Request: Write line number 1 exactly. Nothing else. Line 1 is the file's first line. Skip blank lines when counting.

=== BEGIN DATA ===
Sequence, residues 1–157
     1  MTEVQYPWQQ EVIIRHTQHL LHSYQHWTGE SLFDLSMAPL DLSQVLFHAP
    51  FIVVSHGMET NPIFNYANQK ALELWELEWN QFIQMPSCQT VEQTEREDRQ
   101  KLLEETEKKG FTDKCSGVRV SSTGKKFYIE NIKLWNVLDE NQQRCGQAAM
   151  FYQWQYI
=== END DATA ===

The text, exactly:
Sequence, residues 1–157